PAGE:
THE polls, the pundits, and the Washington insiders all agree: George Bush's political troubles are growing rapidly.
Even in the Deep South, the bedrock of Mr. Bush's support, the White House is bracing for potentially embarrassing primaries against the president's election-year nemesis, Patrick Buchanan.
The next test comes on Tuesday when Republicans hold primaries in Georgia, Maryland, and Colorado. But all eyes will be on Georgia, where Mr. Buchanan is pouring in money and manpower.
Del Ali, a pollster with Mason-Dixon Opinion Research, predicts after sampling Republican voters in Georgia that Buchanan is poised to get an impressive 35 percent at the polls.
Claibourne Darden Jr., an Atlanta pollster, warns that if Buchanan's insurgent conservative campaign reaches the mid-30s in Georgia, Bush could be in severe danger across the South a week later on Super Tuesday.
Merle Black, a political scientist at Emory University in Atlanta, says the coming vote in Georgia is "very dicey for Bush." Dr. Black says Bush's core supporters - white independent voters and hard-core Republicans - are beginning to abandon the president.
What is happening? Mr. Darden says the pro-Buchanan vote is mostly a protest against Bush. But the protest movement coalescing around Buchanan now appears to be in danger of spinning out of control.
If Bush is humiliated in Georgia and takes further hits on Super Tuesday, the protest vote could turn into an "anybody but Bush" movement among Republicans, Darden says. That would severely damage the GOP next fall. (Tsongas' economic plan, Page 2.)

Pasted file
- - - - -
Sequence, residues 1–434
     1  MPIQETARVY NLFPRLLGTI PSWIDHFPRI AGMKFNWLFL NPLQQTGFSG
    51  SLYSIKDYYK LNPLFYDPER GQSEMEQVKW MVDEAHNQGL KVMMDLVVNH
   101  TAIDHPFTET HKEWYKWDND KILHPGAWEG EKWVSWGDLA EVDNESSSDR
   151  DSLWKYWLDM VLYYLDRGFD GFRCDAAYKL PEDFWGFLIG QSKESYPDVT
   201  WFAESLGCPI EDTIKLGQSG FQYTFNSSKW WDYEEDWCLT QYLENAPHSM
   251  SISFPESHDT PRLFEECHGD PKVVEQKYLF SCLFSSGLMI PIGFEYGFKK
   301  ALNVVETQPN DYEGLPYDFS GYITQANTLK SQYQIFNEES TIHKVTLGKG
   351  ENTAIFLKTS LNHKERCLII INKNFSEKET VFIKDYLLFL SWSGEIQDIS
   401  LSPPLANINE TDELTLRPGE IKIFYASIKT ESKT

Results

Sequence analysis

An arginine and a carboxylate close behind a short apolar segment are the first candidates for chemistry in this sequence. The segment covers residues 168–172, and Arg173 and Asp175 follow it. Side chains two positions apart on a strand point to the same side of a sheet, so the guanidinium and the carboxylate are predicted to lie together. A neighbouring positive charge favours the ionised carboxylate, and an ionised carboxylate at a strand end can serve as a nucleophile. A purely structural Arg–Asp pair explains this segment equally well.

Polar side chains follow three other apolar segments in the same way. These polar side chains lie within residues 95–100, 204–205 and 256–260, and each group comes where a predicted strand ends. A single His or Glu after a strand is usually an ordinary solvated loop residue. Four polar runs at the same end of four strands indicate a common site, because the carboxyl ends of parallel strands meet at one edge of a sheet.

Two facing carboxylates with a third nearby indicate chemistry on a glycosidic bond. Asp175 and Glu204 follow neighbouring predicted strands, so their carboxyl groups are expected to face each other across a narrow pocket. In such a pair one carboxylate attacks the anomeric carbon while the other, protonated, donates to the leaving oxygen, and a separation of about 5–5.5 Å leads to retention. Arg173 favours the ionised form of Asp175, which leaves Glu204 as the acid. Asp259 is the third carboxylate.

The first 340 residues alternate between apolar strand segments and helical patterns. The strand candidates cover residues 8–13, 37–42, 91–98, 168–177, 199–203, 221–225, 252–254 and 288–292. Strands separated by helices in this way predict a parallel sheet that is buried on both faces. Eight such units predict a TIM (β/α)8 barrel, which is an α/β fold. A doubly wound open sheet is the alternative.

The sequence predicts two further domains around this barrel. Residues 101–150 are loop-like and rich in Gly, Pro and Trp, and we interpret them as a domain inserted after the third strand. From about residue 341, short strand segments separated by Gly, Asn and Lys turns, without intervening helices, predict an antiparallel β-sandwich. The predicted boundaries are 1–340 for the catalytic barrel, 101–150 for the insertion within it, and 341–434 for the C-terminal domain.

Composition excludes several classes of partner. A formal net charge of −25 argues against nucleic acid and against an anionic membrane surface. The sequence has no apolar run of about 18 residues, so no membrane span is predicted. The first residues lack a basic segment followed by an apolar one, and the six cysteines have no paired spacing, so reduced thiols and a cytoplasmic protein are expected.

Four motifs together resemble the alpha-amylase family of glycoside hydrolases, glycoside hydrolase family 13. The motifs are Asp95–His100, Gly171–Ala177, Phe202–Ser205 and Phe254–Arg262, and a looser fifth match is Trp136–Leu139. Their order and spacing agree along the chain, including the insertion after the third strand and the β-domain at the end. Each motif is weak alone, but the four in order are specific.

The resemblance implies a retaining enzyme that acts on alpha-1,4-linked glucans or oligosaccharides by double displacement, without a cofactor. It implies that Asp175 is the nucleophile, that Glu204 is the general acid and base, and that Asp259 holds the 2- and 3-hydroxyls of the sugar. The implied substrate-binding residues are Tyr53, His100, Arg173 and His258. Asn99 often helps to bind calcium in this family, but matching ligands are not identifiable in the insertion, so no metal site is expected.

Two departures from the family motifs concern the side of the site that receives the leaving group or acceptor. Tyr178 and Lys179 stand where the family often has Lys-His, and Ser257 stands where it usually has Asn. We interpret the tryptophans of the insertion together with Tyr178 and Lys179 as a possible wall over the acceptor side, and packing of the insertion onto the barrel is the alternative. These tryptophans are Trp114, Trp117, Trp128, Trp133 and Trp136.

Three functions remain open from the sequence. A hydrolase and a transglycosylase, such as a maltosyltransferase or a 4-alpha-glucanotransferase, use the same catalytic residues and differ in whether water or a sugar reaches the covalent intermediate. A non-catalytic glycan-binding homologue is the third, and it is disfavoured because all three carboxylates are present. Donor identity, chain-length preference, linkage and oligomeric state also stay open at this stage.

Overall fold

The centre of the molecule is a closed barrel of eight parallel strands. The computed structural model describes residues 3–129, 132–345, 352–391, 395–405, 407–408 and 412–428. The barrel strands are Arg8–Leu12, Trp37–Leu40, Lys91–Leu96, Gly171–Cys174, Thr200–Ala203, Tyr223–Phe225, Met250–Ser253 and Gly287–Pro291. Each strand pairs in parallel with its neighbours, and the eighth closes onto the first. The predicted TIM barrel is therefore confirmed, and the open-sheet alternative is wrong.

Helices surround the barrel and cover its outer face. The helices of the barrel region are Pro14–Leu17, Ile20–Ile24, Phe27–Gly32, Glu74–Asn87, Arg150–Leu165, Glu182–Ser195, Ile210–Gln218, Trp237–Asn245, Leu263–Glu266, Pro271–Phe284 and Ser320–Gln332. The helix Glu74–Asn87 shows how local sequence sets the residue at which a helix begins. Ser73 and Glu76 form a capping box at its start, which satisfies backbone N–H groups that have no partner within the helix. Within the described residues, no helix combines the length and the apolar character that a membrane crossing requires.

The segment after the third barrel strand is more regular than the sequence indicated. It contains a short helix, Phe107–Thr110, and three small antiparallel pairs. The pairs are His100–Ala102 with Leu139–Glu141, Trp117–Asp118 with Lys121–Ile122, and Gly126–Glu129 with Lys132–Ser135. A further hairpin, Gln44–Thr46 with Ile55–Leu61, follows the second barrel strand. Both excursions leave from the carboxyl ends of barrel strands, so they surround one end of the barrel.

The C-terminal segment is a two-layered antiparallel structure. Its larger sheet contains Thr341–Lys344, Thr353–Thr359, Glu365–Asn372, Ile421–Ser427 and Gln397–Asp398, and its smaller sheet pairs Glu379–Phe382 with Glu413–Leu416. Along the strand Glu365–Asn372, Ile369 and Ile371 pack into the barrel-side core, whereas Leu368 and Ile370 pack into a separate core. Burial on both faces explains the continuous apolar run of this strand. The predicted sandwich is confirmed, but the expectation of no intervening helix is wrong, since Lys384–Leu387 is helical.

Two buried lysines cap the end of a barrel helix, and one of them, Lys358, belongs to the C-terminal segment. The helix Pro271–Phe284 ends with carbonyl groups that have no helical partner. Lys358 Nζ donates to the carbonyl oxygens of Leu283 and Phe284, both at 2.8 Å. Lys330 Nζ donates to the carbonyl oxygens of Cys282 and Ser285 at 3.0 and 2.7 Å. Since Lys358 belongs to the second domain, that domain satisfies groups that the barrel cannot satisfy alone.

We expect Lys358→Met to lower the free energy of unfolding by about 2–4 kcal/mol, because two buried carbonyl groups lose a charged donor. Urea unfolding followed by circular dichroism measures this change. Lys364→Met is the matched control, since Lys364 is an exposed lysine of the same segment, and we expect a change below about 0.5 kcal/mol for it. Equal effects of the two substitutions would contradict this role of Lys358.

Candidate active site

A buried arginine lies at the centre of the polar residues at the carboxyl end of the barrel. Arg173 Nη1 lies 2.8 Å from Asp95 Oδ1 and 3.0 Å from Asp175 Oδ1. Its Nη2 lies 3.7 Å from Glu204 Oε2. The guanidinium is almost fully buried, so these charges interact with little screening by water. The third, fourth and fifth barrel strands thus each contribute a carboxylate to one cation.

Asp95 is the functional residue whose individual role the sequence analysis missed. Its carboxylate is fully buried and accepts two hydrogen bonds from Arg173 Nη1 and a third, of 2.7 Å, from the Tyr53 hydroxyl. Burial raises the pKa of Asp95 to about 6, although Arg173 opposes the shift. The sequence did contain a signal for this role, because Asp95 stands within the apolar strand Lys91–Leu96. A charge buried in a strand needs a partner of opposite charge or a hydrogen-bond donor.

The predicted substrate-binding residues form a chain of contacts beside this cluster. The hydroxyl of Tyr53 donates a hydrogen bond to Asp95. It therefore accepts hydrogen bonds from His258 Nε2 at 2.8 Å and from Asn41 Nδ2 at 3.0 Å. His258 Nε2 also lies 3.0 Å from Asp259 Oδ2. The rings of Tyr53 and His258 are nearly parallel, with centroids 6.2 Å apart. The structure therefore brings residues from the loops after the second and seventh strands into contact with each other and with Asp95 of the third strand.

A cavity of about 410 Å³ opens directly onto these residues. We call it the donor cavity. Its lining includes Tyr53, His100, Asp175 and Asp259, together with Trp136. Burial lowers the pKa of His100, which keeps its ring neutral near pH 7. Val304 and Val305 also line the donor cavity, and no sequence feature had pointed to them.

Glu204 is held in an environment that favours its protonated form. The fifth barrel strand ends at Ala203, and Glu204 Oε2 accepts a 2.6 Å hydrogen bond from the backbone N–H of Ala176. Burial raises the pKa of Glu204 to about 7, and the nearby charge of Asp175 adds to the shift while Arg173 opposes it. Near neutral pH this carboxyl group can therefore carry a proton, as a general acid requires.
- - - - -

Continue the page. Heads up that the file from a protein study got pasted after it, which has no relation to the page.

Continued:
Republican strategist John Sears says Bush's popularity, and perhaps his electability, is being driven downward by a pervasive mood of pessimism in the United States, especially about the economy. Layoffs at General Motors Corporation and other big companies, the transfer of jobs to Mexico, the closing of big banks, and rising unemployment all are creating a bleak atmosphere.
Mr. Sears says the current national pessimism, both qualitatively and quantitatively, is "unlike anything in my lifetime." It probably isn't as bad as the Great Depression of the 1930s, he says, but it is very serious.
At a breakfast meeting with reporters, Sears suggested that Bush has already lost his best opportunities to recover politically.
This recession "isn't something you can cheerlead people out of," he says. Action is needed. Bush should use the immense power of the presidency to lead the nation out of recession, and so far he is failing to do that, Sears says.
If Buchanan does well next Tuesday, it will undercut one assumption about the earlier New Hampshire results. Because the Granite State's unemployment was 7.8 percent, one of the nation's highest, some observers suggested that Buchanan's 37 percent vote there was an isolated incident. In Georgia, the jobless rate is only 3.9 percent. A strong showing there would show that Bush's problems were far deeper than expected.
Darden explains: "The economy here isn't like New Hampshire, but we are in a recession. Tax collections are down. People aren't making money like they once did. So things are gloomier.... But it's also a question of leadership. Bush has not done anything right for the last six months, and a large majority thinks we're on the wrong track."
Sears makes a similar point: Voters see this as a "referendum on the president," and many don't think Bush is doing very well. Mason-Dixon's polls indicate that Buchanan's campaign may presage even deeper problems for Bush in the fall. A survey released this week shows Bush leading Buchanan in Maryland, 70 percent to 19 percent. But when Bush is matched against Democrat Paul Tsongas, the split is Tsongas, 45 percent, Bush, 40.
Even in the South, Bush looks weak. Against Gov. Bill Clinton, for example, Bush leads 45 percent to 39 percent in Georgia. But Mr. Ali cautions: "As a rule of thumb, support that low, below 50 percent, is a disaster for an incumbent president."
Black says Bush is losing support among the very Southerners who put him and Ronald Reagan into office. These voters support conservatism, religion, and the military. They are virtually all white. And Buchanan is winning many of them over.